By John Salak –
When it comes to fruits and vegetables, five-a-day is definitely the way to go. In fact, the American Heart Association’s flagship publication, Circulation, just reported that chowing down on five daily servings of fresh fruit and seasonal vegetables is a ticket to a healthier and longer life.
The association underscored its conclusions via studies on nearly 2 million adults worldwide that demonstrated the benefits of fruit, green vegetables and seasonal produce. It noted that diets loaded with fruits and vegetables can lower the risk for numerous chronic health conditions that can lead to death, including cardiovascular disease and cancer.
Unfortunately, despite the obvious benefits of munching down on various types of fruits and veg, only one in ten American adults consume their recommended five-a-day share, reports the U.S. Centers for Disease Control and Prevention.
More consumer guidance apparently is needed, explained the study’s lead author, Dr. Dong D. Wang, an epidemiologist, nutritionist and a member of the medical faculty at Harvard Medical School.
“While groups like the American Heart Association recommend four to five servings each of fruits and vegetables daily, consumers likely get inconsistent messages about what defines optimal daily intake of fruits and vegetables such as the recommended amount, and which foods to include and avoid,” he said.
Wang and colleagues review of data from almost 2 million people found that five daily servings of fruits and vegetables was the optimal amount for lowering an individual’s risk of death. Increasing the amount of serves from an extended list of fruits and vegetables didn’t yield any additional benefits.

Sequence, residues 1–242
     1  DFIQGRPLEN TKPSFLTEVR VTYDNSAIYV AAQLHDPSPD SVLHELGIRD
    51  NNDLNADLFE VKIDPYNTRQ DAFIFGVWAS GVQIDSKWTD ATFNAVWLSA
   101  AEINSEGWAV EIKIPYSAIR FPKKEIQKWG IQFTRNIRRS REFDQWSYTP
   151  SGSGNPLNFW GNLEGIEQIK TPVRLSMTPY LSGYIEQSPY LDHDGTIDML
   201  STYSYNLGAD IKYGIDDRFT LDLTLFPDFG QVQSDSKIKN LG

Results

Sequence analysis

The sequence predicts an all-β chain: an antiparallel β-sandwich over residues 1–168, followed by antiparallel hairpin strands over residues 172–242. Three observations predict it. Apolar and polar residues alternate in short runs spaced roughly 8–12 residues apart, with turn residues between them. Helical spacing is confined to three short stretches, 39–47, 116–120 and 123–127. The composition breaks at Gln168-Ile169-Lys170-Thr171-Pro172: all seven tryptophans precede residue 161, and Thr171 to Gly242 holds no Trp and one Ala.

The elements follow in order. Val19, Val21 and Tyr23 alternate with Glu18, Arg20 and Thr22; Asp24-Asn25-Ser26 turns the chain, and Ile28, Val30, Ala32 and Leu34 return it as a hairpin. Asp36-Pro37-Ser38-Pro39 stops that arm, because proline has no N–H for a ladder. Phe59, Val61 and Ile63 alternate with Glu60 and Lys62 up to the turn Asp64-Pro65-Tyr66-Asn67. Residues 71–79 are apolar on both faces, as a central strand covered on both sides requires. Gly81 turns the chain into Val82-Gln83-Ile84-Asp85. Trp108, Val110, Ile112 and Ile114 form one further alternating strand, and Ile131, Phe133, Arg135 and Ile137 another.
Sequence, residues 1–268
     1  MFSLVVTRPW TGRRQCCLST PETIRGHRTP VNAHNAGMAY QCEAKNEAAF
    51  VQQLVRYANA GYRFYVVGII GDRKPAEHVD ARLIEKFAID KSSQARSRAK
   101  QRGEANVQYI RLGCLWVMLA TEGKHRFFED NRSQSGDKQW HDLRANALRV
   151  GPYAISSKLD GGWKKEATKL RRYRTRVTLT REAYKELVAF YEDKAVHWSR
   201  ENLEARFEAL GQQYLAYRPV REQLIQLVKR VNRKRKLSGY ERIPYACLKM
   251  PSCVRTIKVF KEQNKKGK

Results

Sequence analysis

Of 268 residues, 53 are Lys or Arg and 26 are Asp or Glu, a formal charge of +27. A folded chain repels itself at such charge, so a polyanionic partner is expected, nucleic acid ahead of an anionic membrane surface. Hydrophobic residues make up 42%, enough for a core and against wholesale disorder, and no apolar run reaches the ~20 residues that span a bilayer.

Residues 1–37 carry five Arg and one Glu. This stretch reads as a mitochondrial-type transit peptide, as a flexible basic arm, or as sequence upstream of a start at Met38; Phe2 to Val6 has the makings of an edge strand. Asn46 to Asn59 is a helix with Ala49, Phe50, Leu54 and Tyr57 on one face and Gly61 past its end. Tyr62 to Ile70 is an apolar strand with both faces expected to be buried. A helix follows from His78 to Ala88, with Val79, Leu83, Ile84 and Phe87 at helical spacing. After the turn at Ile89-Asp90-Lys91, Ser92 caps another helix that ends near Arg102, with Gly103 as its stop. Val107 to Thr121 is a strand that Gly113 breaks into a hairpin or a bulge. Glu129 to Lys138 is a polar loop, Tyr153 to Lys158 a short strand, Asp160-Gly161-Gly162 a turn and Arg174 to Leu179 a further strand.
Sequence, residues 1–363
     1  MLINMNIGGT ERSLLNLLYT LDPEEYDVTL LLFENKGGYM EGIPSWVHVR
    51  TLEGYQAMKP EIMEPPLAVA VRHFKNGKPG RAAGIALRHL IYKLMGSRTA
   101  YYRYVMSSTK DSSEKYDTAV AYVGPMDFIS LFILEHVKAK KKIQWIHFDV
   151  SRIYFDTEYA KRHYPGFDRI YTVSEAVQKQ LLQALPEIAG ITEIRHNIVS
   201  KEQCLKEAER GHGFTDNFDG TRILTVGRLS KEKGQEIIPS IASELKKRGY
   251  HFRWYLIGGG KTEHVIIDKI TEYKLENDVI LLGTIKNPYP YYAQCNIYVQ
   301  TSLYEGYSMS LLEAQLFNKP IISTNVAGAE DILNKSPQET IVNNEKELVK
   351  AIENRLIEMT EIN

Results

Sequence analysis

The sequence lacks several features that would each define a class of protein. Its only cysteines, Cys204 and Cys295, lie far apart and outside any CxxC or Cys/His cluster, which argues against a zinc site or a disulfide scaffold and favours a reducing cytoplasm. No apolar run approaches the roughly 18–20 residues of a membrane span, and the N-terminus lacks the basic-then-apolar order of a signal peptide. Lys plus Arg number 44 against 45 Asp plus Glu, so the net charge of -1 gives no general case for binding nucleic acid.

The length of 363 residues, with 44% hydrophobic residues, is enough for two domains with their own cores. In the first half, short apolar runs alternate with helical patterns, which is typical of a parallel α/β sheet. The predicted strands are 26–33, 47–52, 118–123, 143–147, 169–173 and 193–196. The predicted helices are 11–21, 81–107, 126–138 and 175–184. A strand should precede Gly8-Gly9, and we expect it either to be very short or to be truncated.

Lower fruit and vegetable intake, however, clearly increased a person’s risk. For example, individuals who consumed five portions of fruit and vegetables daily, compared to people who consumed just two, saw their overall risk of death decline by 13 percent. They also had a 12 percent lower risk of death from cardiovascular disease; a 10 percent lower risk of death from cancer; and a 35 percent lower risk of death from respiratory disease.
Yet not all fruits and vegetables offer the same benefits, and the mix balance between fruit and vegetables matter. The optimal balance is two serving daily of fruit and three of vegetables. Beyond this, consuming starchy vegetables, such as peas and corn, fruit juices and potatoes, didn’t do much to lower an individual’s risk of death.
“This amount, five-a-day, likely offers the most benefit in terms of prevention of major chronic disease and is a relatively achievable intake for the general public,” Wang added. “We also found that not all fruits and vegetables offer the same degree of benefit, even though current dietary recommendations generally treat all types of fruits and vegetables, including starchy vegetables, fruit juices and potatoes, the same.”
The list of veggies to focus on includes green leafy vegetables, including spinach, lettuce and kale and carrots, many of which are high in beta carotene and Vitamin C. The healthiest fruits to lean into include oranges, grapefruit, tangerines and other citrus fruits as well as various berries.
Noting that “at least half your plate with fruits and vegetables at each meal,” Dr. Anne Thorndike, chair of the association’s nutrition committee, added that the association’s work underscores the lifelong benefits of eating fruits and vegetables. “Fruits and vegetables are naturally packaged sources of nutrients that can be included in most meals and snacks, and they are essential for keeping our hearts and bodies healthy,” she explained.